Ohio responders reopen fire station to avoid frequent trains

The railroad crossing has taken valuable time away from heart attacks, fires


Holly Zachariah
The Columbus Dispatch

CIRCLEVILLE, Ohio — Fire Chief Marc Zingarelli remembers sitting in the passenger seat of a fire truck stopped at a railroad crossing gate in his city as he and the rest of his crew waited for a train to pass, watching the flames from the burning house on the other side of the track leap higher.

Ditto that frustration for Police Chief G. Shawn Baer, who was among the officers who were trapped on one side of a blocked track after a colleague radioed that he was in trouble in a fight and needed immediate backup. A State Highway Patrol commander outside the city was the first to get to him.

Stand in the middle of the fire department's kitchen and ask the men about how a Norfolk Southern rail line cuts off the south side of the city, and the stories of delays and frustrations pour out.

Fire Department Capt. Arron Kerns eventually walks to a whiteboard on the wall, grabs a red marker and draws a picture of a highway overpass. "I don't know. What's that thing?" he asked.

Circleville officials, for the first time in decades, have gotten serious about trying to find the money for an overpass over one of the city's 19 rail crossings. That is not a cheap plan: Similar projects in Ohio cities over the past decade have ranged from $6 million to $37 million, according to Ohio Department of Transportation data, and there is no specific pot of state or federal money set aside for them.

So Circleville leaders have come up with a temporary solution: By the end of the year, an old fire station on Court Street on the south side of the track will reopen with a minimal crew. One ambulance and one engine will run from there. With a budget that dipped below $600,000 in 2006, a second station has been impossible for more than a decade. Now, the budget is back up to almost $742,000 and the staffing level is back to normal: 15 full-time and six part-time firefighters.

The department made 3,267 runs in 2015. Although it can't easily track how many are on the south side of the track, Zingarelli said he knows the second station is necessary.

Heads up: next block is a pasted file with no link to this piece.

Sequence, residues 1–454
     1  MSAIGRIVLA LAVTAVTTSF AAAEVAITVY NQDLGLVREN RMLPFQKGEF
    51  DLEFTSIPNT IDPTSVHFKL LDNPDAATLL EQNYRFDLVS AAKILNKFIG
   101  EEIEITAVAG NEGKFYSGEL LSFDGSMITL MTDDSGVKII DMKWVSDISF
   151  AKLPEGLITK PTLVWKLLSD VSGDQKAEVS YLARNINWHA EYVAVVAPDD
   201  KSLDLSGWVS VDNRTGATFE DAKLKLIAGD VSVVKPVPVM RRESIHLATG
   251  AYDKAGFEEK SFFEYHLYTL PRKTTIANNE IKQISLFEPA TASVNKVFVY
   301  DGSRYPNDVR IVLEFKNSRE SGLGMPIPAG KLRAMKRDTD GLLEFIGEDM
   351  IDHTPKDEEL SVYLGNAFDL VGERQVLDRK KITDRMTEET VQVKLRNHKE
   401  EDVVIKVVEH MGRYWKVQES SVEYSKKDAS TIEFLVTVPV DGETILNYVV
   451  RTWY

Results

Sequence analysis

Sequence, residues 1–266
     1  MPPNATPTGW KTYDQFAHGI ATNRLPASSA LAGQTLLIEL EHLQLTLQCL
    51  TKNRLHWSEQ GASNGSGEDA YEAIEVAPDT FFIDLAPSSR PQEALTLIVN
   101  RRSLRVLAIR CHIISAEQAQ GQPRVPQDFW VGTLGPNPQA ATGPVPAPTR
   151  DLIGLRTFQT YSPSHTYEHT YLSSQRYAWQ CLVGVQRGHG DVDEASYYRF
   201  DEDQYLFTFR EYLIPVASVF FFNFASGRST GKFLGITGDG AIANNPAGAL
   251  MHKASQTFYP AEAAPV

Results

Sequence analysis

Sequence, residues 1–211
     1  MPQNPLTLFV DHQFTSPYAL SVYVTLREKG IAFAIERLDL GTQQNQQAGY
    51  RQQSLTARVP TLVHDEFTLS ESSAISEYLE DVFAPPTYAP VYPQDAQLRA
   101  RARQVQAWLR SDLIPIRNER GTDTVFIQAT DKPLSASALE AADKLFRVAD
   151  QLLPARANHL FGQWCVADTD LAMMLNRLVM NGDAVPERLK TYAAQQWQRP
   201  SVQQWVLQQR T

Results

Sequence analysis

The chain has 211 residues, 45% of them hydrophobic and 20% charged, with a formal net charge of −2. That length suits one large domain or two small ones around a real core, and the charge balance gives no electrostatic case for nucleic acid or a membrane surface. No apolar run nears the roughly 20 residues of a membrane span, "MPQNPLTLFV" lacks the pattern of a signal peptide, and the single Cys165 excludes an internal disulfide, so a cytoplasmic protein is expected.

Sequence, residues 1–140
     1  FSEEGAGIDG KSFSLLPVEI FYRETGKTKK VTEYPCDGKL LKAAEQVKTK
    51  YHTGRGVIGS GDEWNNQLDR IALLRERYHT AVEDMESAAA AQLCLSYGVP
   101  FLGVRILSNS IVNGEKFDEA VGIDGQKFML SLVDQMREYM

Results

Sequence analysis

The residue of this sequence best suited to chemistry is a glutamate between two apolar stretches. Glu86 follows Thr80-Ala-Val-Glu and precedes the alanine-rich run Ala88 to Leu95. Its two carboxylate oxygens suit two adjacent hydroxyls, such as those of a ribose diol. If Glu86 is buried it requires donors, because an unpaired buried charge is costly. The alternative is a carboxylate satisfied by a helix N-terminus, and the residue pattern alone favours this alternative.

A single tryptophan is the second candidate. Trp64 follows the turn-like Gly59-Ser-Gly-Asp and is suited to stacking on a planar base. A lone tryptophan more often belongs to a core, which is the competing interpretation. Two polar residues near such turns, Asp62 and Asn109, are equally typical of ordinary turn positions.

"It won't be enough for the big stuff, but one engine will buy us a little time," Zingarelli said. "When someone's in cardiac arrest or a house is burning down, those few minutes of response time make a difference."

Mayor Don McIlroy hopes the city will find a long-term solution soon. Norfolk Southern wants to close some of the crossings in the city — perhaps as many as four. When a railroad closes crossings, it must compensate the city. Negotiations between the Ohio Rail Development Commission, the railroad and city officials are underway.

The closure of crossings also would free up federal money that Circleville could put toward an overpass, said Matthew Dietrich, executive director of the commission, which administers Federal highway-safety funds.

"When we close some crossings and not have to upgrade safety and warning devices there, we can use that money elsewhere," Dietrich said.

Deciding which crossings to close and helping cities figure out whether an overpass is a possibility is serious work, he said.

"It's a balancing act," Dietrich said. "We try to make crossings as safe as possible, as efficiently as possible in way that make the most sense in a community."

The project is taking on urgency in Circleville because Pickaway County has several development projects underway on the south side and is poised for an economic boom. Already, as many as 38 trains pass through on what is considered a vital main line for Norfolk Southern. Some trains generate from the intermodal terminal at Rickenbacker Inland Port in northern Pickaway County. And more trains are coming, said Dave Pidgeon, spokesman for the railroad's region that includes Ohio.

"Intermodal is the future of how freight will move in the United States," Pidgeon said, "And Columbus and Circleville sit in the middle of our heartland intermodal corridor. I can tell you we are preparing to meet future demand."

He said the negotiations involving the railroad, the city and the rail commission as to which crossings to close all focus on safety; fewer crossings mean less risk to the public.

McIlroy said he hopes to find out soon how much money will be available from the railroad, and which specific crossings are recommended for closure. There would be public hearings and a City Council vote before anything was finalized. Then, in the fall, he plans to ask state legislators to help him secure funding for the overpass. He thinks it could take as much as $6 million, and he wants one built by 2018.

"This is a safety issue for anyone who lives in Circleville or who visits here," McIlroy said. "We have to finally address it."

Copyright 2016 The Columbus Dispatch

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